I think my interest in miniature foods goes back to seeing the illustrations in Beatrix Potter's 1904 book, The Tale of Two Bad Mice. In the story, two mice break into a dollhouse and attempt to eat the scrumptious looking dinner laid out on the table. When they discover the food is made of plaster and glued to the plates, they smash it to bits in frustration and then go on a destructive rampage as they burglarize the house. The dollies, upon returning home, immediately engage a Steiff policeman doll to watch over their residence.
I've always found the illustrations of the dollhouse food in The Tale of Two Bad Mice to be charming and captivating:
and I was thrilled last year to find an antique dollhouse ham very like the one in the illustration (German, circa the 1900s):
My oldest piece of dollhouse food is this tiny ham shown below, about 1 1/4 inch wide, made of a papier-mache-like substance on a pressed paper plate. It came from Germany in the mid 1800s. It's not pretty, but it's old, and it's amazing to me how something so small and fragile has survived:
My very best sets of antique miniature food are these two, made in France in the 1880s. The items are painted plaster, in a scale a bit larger than 1" to 1 foot; I think they may have been meant for dolls rather than dollhouses. They are unplayed with; in fact, most of the pieces are still tied down with their original twine. The boxes feature beautifully lithographed labels with scenes of little bakers cooking (and drinking!) and children dining.
I love the old stove in this image, and the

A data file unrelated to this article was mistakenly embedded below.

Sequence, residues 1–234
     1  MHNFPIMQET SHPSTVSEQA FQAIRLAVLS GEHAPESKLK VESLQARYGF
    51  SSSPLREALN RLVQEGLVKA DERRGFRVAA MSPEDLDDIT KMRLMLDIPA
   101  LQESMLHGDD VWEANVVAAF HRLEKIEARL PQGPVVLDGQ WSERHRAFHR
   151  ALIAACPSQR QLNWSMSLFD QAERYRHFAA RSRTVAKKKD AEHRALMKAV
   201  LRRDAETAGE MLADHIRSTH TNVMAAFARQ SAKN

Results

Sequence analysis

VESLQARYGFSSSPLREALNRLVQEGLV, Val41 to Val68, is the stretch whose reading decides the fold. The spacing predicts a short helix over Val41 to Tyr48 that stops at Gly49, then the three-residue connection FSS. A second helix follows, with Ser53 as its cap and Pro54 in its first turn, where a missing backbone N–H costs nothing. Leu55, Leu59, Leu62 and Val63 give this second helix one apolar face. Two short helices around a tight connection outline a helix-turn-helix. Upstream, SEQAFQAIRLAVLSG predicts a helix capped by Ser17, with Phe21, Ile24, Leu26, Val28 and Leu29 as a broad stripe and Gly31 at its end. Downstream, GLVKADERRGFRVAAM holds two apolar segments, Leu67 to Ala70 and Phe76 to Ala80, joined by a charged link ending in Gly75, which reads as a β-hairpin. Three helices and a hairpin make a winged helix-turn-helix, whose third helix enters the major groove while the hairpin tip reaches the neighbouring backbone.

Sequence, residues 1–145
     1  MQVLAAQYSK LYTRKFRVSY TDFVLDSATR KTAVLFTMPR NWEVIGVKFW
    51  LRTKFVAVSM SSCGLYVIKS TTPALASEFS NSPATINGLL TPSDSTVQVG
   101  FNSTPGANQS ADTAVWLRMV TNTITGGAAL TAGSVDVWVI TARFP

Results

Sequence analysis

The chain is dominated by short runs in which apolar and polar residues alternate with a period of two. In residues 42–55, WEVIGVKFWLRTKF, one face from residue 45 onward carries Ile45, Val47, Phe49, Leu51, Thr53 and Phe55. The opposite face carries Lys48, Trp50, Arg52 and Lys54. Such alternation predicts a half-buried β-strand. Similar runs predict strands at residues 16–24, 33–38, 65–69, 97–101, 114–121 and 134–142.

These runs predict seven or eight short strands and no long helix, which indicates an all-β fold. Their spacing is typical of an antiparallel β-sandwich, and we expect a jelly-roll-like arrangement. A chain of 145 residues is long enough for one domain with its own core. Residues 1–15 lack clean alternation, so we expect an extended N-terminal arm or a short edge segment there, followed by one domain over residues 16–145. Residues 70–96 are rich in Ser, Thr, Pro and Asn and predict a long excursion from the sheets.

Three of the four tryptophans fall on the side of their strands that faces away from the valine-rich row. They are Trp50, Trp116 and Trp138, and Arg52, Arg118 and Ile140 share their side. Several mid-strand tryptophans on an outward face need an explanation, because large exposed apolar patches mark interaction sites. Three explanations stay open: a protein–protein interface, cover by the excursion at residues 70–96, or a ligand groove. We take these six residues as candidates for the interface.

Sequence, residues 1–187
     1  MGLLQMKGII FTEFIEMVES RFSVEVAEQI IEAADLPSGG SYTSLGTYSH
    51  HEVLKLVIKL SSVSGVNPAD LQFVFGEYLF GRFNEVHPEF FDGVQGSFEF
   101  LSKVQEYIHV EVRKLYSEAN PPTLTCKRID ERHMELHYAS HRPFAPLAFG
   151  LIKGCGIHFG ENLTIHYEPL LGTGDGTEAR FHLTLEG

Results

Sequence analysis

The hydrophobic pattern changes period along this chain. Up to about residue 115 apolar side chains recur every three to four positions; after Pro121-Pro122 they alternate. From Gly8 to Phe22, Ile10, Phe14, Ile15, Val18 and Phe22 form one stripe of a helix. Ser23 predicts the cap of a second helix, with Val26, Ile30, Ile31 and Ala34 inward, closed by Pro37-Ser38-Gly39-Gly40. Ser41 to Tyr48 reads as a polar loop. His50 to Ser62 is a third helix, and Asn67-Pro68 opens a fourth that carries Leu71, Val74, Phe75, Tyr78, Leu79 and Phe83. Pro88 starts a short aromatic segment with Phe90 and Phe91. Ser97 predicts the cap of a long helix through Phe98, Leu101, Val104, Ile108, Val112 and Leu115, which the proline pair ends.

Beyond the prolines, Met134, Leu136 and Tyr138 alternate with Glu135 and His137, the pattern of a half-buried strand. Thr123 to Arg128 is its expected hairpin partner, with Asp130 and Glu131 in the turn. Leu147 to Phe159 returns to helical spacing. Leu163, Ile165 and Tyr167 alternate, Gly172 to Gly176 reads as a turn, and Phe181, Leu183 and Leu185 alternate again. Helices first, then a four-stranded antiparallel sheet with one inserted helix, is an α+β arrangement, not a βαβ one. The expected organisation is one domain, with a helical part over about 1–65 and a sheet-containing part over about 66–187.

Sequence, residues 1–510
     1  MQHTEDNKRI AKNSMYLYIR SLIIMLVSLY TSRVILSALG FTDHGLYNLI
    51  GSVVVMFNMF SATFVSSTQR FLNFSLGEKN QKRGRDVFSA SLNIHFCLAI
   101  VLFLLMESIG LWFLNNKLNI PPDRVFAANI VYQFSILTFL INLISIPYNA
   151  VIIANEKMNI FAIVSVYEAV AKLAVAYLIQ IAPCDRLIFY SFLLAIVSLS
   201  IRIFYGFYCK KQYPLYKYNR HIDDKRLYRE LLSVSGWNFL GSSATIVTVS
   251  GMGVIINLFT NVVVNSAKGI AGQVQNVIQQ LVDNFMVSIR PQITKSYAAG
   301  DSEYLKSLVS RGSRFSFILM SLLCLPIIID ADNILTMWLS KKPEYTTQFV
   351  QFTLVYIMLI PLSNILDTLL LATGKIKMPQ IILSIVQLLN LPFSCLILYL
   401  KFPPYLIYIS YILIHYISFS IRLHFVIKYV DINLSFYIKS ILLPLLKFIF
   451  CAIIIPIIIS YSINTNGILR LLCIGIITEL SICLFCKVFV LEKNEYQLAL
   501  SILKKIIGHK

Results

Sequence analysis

oversized frying pan on the burner.
That's some giant omelet they're making!
And this image has so much to appreciate: the lovely cupboard on the right; the gorgeously upholstered chairs; the children's clothing; the finely detailed dishes and embroidered tablecloth...
And here's what's inside: beautiful miniature play food, some recognizable to me (those hams again!) some not (that flat pink and white thing in the upper left corner. Maybe it's some sort of French regional specialty):
Here are the items in profile, to give a sense of their proportions. The pieces average between 2 and 3 inches long:
And some detail close-ups:
A very fancy ham.
A fishy entree.
A ham (again), lobster, what looks like eggs in a salad....but I'm not sure what that is in the upper right. Maybe a fruitcake?
For some reason (perhaps the Beatrix Potter influence again) I prefer the primitive style of these old pieces to our modern hyper-realistic dollhouse food. Even though today's amazingly crafted pieces look so authentic, these crude-by comparison miniatures have a special charm of their own. And, after all, they fooled the mice in the story, so they must look real enough!